After having looked into the history of street photography, and gaining a better understanding of where street photography originated from, I am now going to look into the works of some more street photographers whose work I find very inspiring.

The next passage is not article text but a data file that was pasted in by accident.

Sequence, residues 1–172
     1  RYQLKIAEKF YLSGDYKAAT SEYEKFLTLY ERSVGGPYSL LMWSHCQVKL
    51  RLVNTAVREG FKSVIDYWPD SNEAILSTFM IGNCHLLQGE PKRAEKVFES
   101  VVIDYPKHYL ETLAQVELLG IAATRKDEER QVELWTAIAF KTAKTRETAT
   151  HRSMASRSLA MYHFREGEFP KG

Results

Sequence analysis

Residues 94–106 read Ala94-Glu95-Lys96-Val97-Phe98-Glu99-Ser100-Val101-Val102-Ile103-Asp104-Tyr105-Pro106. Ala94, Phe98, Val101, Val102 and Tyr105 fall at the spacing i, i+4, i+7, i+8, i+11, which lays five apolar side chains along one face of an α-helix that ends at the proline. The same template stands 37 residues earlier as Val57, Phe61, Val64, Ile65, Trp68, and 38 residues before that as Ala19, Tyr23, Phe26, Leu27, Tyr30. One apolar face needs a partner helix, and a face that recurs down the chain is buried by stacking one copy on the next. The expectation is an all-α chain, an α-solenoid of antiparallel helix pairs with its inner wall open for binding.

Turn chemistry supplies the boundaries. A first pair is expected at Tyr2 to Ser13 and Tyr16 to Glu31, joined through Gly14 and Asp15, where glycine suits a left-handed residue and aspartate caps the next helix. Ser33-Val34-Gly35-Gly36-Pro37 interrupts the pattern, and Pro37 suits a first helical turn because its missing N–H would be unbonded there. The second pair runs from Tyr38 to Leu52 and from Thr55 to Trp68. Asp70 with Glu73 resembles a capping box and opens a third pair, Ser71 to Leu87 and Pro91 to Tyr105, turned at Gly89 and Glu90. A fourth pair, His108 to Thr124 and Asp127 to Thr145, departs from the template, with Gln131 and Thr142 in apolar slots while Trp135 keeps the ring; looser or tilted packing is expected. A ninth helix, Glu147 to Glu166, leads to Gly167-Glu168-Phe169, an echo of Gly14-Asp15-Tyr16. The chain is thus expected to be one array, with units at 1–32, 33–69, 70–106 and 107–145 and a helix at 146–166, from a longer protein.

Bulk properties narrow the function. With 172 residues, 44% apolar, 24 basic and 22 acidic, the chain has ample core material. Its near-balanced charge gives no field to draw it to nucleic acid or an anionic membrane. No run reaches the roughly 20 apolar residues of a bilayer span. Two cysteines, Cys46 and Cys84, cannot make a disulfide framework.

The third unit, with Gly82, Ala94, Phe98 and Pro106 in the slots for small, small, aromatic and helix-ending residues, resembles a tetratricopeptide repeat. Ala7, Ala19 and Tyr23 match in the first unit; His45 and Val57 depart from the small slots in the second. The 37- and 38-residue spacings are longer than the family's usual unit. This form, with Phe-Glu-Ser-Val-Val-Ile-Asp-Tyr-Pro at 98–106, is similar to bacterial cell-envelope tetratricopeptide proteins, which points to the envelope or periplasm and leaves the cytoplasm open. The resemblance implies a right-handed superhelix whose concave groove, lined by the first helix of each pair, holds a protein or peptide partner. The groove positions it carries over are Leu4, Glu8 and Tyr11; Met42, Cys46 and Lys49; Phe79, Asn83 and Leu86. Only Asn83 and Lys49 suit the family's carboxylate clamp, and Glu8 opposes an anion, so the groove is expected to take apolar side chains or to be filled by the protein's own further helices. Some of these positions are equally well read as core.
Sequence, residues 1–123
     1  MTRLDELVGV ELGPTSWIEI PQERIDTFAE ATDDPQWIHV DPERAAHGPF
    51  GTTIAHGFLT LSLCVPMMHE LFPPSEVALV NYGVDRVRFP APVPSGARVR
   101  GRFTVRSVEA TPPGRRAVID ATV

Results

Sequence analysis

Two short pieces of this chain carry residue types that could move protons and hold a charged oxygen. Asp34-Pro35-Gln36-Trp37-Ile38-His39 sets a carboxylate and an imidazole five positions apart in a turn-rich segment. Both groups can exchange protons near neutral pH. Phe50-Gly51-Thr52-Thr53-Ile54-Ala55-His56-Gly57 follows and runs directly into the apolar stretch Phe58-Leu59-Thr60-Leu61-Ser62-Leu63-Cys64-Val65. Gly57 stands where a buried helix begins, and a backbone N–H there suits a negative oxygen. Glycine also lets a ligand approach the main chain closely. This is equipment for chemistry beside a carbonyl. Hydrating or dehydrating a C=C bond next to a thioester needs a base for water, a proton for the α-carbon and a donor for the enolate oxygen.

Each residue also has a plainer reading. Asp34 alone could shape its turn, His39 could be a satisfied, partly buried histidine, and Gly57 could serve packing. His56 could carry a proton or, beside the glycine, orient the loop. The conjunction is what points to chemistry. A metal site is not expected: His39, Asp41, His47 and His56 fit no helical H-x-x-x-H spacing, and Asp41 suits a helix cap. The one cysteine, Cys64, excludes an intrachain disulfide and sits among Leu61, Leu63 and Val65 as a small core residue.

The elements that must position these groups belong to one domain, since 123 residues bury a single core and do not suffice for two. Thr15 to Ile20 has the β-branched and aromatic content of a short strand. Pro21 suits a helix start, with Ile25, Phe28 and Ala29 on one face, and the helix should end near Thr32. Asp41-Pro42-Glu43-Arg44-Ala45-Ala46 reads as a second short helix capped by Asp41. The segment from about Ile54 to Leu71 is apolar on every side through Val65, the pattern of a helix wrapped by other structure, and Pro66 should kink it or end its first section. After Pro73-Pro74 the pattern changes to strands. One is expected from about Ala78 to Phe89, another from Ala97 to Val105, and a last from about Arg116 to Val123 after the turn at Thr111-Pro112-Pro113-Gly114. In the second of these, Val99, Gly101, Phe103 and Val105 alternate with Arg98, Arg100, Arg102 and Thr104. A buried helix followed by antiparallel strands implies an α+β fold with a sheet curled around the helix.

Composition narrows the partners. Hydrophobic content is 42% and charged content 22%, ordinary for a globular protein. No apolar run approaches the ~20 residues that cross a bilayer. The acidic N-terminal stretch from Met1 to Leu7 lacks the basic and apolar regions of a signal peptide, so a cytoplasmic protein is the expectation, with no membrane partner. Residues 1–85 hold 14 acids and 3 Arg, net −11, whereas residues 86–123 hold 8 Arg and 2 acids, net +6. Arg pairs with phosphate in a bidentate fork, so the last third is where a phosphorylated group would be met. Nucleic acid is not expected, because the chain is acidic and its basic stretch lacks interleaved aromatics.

Robert Doisneau also photographed the streets of Paris around the 1930’s, alongside other great street photographers of that era, such as Henri Cartier-Bresson, Brassaï and André Kertész. However, in researching different street photographers, I did find Doisneau’s images very striking. He was known for being ‘always charmed by his subjects, he enjoyed finding amusing juxtapositions or oddities of human nature’ (Svenning, n.d.). One of my favourite photos by Doisneau is the one with the man stood in the rain, holding an umbrella over a cello case whilst a man in the background is painting. I find the photo very captivating, I feel that the photo leaves the viewer quite intrigued as to what is going on in the image and why. Doisneau has definitely managed to capture an unusual and unique moment in time. I also find black and white photography to be very fascinating. The high contrast black and white helps to add to the overall atmosphere, which is also emphasised by the rain on the floor giving it a rather moody vibe.